The end of 2009 is almost upon us, and what a great year it was for gaming! Some incredible indie titles made their way into homes this year, and it looks like 2010 is going to continue to roll with that momentum.
Though we love indie games at IGR (dur), we still have a soft spot for games no matter what platform they happen to land on, or even how big the publisher. While I enjoy games on the PC and Xbox 360, you’re most often going to find me planted in front of the TV with a SIXAXIS in my hands while I try to trounce a PS3 title. Xbox LIVE may be the king of the online experience, but the PSN is no slouch, and has tons of great games to enjoy. So I present to you:
Callabrantus’ 2009 PSN List!
Picking faves is never easy, and it gets tougher when you love a mix of action titles, puzzlers and casual titles. Love ‘em or hate ‘em, these are the games that kept me most busy in 2009.
Super Stardust HD
Although it wasn’t released in 2009, I still find myself itching to play this frantic shoot-em-up from time to time. In a nutshell, you pilot a craft flying around global meteor defense grids, eliminating gigantic hunks of rock in a fashion akin to Asteroids, but with a control scheme similar to Smash TV. Large rocks break into kinda big rocks, which break into smaller rocks, etc, ultimately presenting you with point tokens or weapon upgrades. Different weapons suit different types of meteors (rock, gold or ice). But the rocks keep on a-comin’, and with literally thousands of comet fragments on screen at a time, you need to be on your toes to avoid destruction. Throw in a few enemy spacecraft with your destruction in mind, and you’d better hope that your toes are on their toes.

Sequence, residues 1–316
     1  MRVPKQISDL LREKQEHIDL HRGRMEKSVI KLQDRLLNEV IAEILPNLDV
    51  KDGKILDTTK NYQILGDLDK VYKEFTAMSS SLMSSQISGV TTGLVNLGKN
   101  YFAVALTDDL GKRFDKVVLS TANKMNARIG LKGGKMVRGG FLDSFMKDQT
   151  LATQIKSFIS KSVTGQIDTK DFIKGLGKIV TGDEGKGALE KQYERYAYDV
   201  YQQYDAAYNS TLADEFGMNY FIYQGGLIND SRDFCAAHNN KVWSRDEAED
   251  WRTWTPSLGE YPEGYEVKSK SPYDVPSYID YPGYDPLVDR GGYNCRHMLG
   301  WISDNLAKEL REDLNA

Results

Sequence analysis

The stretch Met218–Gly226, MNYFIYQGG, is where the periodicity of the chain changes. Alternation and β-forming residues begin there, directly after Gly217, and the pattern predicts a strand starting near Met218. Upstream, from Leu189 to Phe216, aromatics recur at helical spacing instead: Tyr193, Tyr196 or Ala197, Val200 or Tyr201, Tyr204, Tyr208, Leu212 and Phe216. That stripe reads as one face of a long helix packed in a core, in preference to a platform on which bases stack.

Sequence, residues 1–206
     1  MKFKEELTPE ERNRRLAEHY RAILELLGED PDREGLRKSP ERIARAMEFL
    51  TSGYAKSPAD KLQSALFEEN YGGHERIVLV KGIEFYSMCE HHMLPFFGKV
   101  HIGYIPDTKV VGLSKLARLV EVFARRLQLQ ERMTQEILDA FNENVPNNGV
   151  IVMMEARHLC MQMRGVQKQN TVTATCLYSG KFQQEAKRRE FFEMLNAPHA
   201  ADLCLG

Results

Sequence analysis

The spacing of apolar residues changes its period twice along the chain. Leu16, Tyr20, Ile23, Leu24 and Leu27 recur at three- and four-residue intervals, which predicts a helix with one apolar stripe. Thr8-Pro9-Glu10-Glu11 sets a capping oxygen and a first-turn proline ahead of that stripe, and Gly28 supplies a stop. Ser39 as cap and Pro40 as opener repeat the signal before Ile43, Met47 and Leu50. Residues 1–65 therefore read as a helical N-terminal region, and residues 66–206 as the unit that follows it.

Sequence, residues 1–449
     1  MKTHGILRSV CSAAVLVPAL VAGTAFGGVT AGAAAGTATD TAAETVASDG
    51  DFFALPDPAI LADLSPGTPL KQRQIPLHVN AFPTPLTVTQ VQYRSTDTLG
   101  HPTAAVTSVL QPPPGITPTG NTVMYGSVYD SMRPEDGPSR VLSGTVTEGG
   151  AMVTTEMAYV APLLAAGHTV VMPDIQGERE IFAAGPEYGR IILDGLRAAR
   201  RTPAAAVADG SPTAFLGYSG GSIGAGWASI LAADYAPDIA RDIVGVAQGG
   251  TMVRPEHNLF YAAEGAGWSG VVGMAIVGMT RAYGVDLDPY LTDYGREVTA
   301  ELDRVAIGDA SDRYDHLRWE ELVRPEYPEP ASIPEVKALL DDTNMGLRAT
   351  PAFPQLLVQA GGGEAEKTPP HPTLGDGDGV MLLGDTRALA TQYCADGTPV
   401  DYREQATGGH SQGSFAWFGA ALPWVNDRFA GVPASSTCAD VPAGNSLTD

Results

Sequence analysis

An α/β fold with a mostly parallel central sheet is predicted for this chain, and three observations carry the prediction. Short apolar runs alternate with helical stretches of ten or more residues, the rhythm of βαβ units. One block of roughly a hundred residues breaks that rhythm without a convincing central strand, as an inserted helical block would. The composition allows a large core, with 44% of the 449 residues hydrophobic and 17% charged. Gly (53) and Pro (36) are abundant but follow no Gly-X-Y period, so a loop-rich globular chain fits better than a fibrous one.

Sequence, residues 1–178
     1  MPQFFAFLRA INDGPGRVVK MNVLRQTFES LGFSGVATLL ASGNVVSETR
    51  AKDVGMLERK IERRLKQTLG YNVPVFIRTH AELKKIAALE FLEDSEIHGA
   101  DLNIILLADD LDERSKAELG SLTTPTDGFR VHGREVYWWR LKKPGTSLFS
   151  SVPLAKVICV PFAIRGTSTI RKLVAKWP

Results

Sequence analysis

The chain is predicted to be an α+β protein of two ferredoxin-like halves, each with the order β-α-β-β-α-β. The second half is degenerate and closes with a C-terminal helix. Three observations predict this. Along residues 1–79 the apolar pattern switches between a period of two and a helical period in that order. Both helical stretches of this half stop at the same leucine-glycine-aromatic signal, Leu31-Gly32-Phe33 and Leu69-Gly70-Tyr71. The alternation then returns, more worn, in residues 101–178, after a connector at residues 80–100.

It took me months to play through it successfully, only to realize that there is so much more to this game. A successful completion starts the game again, with your score intact, and a higher difficulty level to tackle. A check of the leaderboard will make it clear that those interested in racking up top score had better be prepared to play through a few times.
That’s the Sound of the Man…Workin’ on the Chain… (Oh Don’t You Know?)
My advice is this: Get used to using your boost attack to chain point tokens. Picking up point tokens while in a boost will attach a multiplier value for each token you manage to grab in that state. This is the best (and really, the only) way to get a super high score. With this in mind, and the possibility of attaining a 10X multiplier by staying alive long enough (I still can’t top 9X), you can see how the points will rack up. If racking up a score gets dull, take on time trials, or even Survival mode, and see how long you can stay alive amidst a constantly increasing difficulty level.
Super Stardust HD by Sony Computer Entertainment America is available on the PLAYSTATION Network Price – $9.99 USD. Solo pack/Co-op Pack add-on price: $4.99 each, or $7.99 bundled.
If you want a completely different spin on the same theme, give Everyday Shooter a try.